Washington (CNN) -- Secretary of State Hillary Clinton arrived Friday in Istanbul, the start of a 12-day journey that, in typical Hillary fashion, will straddle the globe, taking her to Europe, India and East Asia.
The main event in Istanbul Friday is the Libya Contact Group. With the noose around Moammar Gadhafi continuing to tighten, the international community is intensifying its planning for the post-Gadhafi era.
A major part of that is working the Libyan Transitional National Council, and preparing them to be an interim government after Gadhafi falls, until Libyans can hold elections. The head of the TNC Mahmoud Jabril will brief the group on the TNC's roadmap for a democratic Libya.
The conference will be looking at what kind of support the Libyans will need from the international community to run the country and the role the United Nations can play in the transition. The international community isn't expected to fully recognize the TNC as an official government yet. While the TNC has impressed many with its plans so far, it is unclear how much support it has throughout the country and needs to demonstrate that it is including a wide variety of Libyans from all geographic regions and tribes.
While in Istanbul, Clinton will also meet with President Abdullah Gul, Prime Minister Recep Tayyip Erdogan and Foreign Minister Ahmed Davutoglu. There have been some disagreements with Turkey, in particular over Turkish ambitions to be a mediator between Iran and the international community over its nuclear program and the Gaza flotilla, in which Turkish nationals were killed by Israeli troops.
But in the last year the relationship between Washington and Ankara has improved dramatically and, U.S. officials would argue, is in a pretty strong place. There are few major international issues where Turkey and the United States are not working closely together, such as the uprisings in North Africa and the Middle East, Afghanistan, counterterrorism, energy and the global economy.
In addition to doing a post-mortem on the Libyan meeting, Clinton's meetings in Turkey are expected to focus a lot on Syria. There are currently about 9,000 Syrian refugees in Turkey. And Erdogan has gradually been stepping up the pressure on President Bashar al-Assad. They will also have a discussion about missile defense. The new NATO missile defense system will involve radar systems and Turkey is one of the countries under consideration.
From Istanbul Clinton heads to Greece, where she will meet with Prime Minister George Papandreoou and other political leaders. Greece is in the middle of a serious financial crisis, which has been accompanied by riots and unrest. Clinton wants to talk to Greek leaders about the government's plans to get the economy back on its feet and how the U.S. can help.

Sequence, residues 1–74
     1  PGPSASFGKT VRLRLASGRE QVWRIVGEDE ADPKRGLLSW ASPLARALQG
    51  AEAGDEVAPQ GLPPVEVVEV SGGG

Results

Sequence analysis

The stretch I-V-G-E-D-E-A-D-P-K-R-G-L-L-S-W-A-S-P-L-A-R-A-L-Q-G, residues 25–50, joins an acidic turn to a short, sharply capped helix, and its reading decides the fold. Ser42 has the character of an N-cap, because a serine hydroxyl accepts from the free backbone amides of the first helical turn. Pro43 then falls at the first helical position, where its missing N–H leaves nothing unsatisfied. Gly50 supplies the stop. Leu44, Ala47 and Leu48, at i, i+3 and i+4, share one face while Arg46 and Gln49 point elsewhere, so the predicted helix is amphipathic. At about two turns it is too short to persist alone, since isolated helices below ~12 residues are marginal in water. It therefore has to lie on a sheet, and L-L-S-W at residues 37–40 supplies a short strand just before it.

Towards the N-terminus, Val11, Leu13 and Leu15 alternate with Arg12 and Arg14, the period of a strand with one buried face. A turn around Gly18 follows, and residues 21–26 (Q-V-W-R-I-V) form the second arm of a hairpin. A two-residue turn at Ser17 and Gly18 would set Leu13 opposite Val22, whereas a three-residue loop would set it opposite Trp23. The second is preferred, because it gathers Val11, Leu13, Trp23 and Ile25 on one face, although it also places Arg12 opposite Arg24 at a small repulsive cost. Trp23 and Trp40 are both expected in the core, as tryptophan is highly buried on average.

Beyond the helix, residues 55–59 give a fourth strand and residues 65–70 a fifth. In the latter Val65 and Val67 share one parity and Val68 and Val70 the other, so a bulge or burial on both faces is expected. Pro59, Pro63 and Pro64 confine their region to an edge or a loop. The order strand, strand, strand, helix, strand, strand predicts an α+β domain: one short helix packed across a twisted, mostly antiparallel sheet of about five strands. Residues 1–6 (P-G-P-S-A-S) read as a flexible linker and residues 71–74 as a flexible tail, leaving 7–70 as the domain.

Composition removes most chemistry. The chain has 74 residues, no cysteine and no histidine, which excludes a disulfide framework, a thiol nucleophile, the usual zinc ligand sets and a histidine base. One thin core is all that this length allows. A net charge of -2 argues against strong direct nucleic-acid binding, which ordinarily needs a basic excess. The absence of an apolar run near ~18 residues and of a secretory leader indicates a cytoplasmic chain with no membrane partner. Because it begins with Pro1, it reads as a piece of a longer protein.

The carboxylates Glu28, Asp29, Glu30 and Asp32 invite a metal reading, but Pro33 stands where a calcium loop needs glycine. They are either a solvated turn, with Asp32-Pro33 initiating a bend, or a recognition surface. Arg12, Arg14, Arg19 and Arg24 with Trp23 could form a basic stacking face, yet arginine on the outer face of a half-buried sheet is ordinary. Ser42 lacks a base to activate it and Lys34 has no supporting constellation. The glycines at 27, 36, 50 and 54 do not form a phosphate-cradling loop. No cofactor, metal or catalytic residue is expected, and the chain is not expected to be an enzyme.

In New Delhi, Clinton will take part in the India-U.S. Strategic Dialogue, in which the world's two largest democracies will discuss all aspects of their cooperation, including defense, energy, science and climate change. Her trip to Delhi comes on the heels of the latest Mumbai attacks, in which three bomb blasts killed 21 people, so she will be showing U.S. support but also talking about how the two nations can strengthen their joint counterterrorism efforts.
India's role in Afghanistan and its longstanding tensions with neighboring Pakistan will be high on the agenda, and Clinton will be discussing both how India can play a role in Afghanistan's political transition and the importance of improving relations with Pakistan. Clinton also will stop in Chennai, the first U.S. secretary of state to do so. The economic component to the nations' relationship has been growing exponentially, and the city of Chennai has emerged as a hub for trade and U.S. investment.
Clinton is then on to Bali, Indonesia, for meetings with East Asian leaders and the Southeast Asian bloc countries of ASEAN. The Obama administration has been cozying up to the ASEAN countries for the past few years. In part, it's a way to counter China's rising influence in Asia, and there is likely to be intense discussion about China's ambitions to dominate the waters of the South China Sea. But Southeast Asia is another region that has huge economic potential for the United States. When Clinton travels to Hong Kong, she will deliver some remarks about the desire to strengthen U.S. economic leadership in Asia.
The last stop may be the toughest. Clinton finishes is Shenzhen, China, where she will meet with China State Counselor Dai Bingguo, a big player in the Chinese leadership.
North Korea will be on the agenda, as it will be in Bali, but I suspect Clinton will have a good deal of post-Bali damage control over the barbs likely to be thrown at China during the ASEAN meeting.
Dai is famous for his tirades with Clinton when China is mad with the United States. Her aides say she can handle it. She gives as good as she gets with the Chinese, they tell me. And Dai is no exception.